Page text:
Brown Bear, Brown Bear, Who Will You Maim (Alissa Grosso)

Some weeks are longer than others. It's a proven fact. Eleven years ago, I was having a very long week. It started off with jury duty.

When we were selected, we were told in all likelihood we wouldn't be there more than an hour. But they hadn't expected the defendant to fire his attorney and represent himself. That one hour became two very long stress-filled days.

Because of jury duty, we had to rearrange our schedules in the public library where I worked to ensure that there was always someone to cover the children's reference desk. I normally worked Tuesday nights, but swapped with my coworker and covered her Wednesday night instead. She warned me that Wednesday nights could be a bit wild. I didn't see any reason they should be that different from Tuesday nights. I should have listened to her.

That Wednesday night someone stole a purse from a mom in the children's department. The police had to be called. I had to stay late to give a statement to the police and fill out a library incident report.

Unfortunately, I was no stranger to library incident reports. Not long before that I had to fill one out after some jerk decided it would be a good idea to slash my tire while my car was parked in the library's employee lot. This came not long after the incident report I had to fill out after I started receiving weird stalkerish phone calls from the sister of some mystery library patron who allegedly wanted me to be his wife. Fun times.

I think a lot of people have it in their heads that libraries are nice, peaceful, stress-free places to work. I love libraries, but like any place of employment they have their pluses and minuses.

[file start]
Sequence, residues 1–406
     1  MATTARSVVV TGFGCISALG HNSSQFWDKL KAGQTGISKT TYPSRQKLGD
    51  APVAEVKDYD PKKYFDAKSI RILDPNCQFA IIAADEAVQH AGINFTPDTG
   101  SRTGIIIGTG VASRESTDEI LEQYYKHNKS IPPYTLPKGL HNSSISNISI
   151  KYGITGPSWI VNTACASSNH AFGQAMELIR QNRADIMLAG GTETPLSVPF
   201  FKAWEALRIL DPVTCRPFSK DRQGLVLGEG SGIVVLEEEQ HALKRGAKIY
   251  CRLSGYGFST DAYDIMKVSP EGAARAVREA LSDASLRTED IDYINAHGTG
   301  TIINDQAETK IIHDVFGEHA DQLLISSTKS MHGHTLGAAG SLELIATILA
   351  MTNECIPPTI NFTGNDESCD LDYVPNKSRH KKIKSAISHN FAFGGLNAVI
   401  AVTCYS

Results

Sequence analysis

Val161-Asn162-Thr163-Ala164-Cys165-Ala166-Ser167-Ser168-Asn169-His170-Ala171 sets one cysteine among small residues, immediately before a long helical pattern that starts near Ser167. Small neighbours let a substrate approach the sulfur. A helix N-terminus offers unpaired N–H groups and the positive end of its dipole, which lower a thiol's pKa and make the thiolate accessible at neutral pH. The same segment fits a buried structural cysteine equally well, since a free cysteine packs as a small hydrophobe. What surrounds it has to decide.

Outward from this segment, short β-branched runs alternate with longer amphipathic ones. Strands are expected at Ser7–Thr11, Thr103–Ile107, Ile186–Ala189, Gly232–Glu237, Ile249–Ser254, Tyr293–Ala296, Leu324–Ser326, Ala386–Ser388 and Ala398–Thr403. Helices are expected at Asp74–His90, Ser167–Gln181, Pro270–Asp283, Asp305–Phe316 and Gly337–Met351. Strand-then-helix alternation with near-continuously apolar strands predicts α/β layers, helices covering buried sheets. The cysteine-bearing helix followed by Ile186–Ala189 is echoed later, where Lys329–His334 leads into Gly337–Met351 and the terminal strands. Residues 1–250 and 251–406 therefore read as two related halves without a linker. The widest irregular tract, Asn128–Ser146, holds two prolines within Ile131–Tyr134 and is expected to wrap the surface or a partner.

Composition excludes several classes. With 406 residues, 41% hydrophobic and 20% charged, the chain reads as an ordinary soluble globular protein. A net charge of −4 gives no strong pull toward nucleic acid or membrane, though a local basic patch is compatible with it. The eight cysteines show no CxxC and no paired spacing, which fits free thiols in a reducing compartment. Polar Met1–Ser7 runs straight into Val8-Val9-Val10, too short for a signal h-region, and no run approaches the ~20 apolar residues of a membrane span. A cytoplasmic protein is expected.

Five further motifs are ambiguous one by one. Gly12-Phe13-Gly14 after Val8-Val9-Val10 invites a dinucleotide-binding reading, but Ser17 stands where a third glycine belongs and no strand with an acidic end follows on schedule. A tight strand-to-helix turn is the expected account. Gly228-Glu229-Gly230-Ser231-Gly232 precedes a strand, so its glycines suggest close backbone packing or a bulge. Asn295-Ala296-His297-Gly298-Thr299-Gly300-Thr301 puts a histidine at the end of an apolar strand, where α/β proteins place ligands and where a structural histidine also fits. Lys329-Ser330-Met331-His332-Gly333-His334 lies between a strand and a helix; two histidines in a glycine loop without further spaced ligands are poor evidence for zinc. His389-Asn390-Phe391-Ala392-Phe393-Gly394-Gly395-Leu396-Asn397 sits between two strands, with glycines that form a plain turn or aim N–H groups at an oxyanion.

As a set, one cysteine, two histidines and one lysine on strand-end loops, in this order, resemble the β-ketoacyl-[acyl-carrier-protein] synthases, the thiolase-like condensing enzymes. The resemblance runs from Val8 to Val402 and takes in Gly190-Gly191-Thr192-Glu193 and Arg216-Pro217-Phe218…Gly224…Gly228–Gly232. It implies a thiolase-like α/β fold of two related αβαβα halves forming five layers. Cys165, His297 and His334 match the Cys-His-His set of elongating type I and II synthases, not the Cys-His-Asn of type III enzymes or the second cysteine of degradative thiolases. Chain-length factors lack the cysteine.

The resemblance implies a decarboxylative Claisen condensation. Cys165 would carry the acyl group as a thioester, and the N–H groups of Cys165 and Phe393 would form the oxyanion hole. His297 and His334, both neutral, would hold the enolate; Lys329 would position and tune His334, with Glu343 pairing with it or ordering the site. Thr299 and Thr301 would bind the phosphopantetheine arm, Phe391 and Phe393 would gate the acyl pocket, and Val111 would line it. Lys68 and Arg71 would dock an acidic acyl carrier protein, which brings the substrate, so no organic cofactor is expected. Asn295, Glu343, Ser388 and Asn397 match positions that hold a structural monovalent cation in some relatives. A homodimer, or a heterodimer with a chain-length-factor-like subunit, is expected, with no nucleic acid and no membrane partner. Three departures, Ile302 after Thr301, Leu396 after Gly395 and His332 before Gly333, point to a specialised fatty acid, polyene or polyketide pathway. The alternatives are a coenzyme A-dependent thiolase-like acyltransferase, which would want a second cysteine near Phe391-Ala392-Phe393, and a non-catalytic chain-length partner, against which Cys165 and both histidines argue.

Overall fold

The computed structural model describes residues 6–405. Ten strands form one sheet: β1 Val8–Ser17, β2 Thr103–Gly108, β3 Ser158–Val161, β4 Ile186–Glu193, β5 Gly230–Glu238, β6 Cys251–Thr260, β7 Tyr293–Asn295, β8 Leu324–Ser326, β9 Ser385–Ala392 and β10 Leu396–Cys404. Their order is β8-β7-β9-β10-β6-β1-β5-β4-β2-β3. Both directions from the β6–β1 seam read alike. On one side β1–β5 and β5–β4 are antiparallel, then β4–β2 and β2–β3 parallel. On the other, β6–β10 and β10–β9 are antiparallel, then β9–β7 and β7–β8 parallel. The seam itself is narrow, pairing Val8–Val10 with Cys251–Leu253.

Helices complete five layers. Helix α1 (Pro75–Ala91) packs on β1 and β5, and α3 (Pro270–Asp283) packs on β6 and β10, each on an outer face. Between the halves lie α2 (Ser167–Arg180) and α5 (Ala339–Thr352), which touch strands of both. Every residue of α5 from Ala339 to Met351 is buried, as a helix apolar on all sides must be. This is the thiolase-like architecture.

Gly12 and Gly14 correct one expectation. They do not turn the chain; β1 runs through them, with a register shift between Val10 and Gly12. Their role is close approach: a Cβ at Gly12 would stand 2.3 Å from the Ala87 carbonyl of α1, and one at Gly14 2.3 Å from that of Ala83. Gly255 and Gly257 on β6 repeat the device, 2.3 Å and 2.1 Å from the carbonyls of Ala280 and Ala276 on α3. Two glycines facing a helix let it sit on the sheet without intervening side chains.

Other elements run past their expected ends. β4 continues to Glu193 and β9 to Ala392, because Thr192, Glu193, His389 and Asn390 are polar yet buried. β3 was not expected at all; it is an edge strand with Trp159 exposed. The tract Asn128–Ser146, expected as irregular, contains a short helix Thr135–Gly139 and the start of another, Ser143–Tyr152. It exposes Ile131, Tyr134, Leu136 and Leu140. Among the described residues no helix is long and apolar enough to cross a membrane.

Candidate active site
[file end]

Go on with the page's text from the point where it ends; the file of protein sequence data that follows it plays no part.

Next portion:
I was still feeling pretty exhausted Thursday morning when I had to do my baby storytime, but I soldiered on and read a fun picture book and sang our songs. Part of our baby storytime was participatory where we would hand each toddler their own board book which they and their parent could read along with me. It was a fun little activity that had never been an issue before, but that had already been quite the week.

That week's board book selection was Brown Bear, Brown Bear, What Do You See? by Bill Martin, Jr. and Eric Carle, a fun and enjoyable literary classic. Well, maybe a little too enjoyable. When it came time for the kids to hand back in their board books, one little boy wasn't having any of it. He wanted to hang onto his copy. Grandma tried her best to coax it from him. Frustrated, he flung the book across the room.

The projectile flew straight at one of the other moms. The book's hard cardboard corner clipped her lip. She let out a cry of pain. There was blood. There was another incident report. My long week got a little longer.

And that's how a beloved picture book changed my life. Library jobs don't pay especially well, and when you factor in all the stress, one can get burned out pretty fast. What I wanted to do more than anything was write books not incident report statements, and so after that fateful storytime I resolved to find a way to make that my reality.

Alissa Grosso remains a regular library user, but she no longer works in them. Since leaving her library job she's written seven books, and is working on some more. Find out more about her and her books at


  1. As a former mental health and public librarian, I agree, few could understand some of the strangeness that comes with the job. On the other side of the coin, being the librarian (solo job) in a small town is not only the best way to know the community, people give you endless fodder for both real life and fictional stories.

  2. What an awesome story. As and a librarian I can relate.


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